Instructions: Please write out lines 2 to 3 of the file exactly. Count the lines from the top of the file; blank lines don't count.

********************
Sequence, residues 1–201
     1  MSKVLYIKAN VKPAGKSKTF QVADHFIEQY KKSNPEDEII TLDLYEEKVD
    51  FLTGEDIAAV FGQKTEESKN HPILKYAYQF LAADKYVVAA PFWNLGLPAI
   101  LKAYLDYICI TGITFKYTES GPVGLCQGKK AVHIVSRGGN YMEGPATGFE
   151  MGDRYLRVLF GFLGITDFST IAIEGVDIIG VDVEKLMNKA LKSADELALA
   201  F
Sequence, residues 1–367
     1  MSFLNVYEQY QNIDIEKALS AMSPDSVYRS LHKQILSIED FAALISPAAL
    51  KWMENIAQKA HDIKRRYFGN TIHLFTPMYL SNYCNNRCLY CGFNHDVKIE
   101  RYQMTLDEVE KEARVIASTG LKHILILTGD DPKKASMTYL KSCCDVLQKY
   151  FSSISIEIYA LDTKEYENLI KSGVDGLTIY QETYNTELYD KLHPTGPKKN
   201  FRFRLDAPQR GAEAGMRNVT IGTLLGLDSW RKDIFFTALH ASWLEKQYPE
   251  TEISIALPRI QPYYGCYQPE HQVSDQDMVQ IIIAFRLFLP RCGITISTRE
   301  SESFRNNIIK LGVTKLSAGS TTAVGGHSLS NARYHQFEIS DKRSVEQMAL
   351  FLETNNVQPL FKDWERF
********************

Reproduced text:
     1  MSKVLYIKAN VKPAGKSKTF QVADHFIEQY KKSNPEDEII TLDLYEEKVD
    51  FLTGEDIAAV FGQKTEESKN HPILKYAYQF LAADKYVVAA PFWNLGLPAI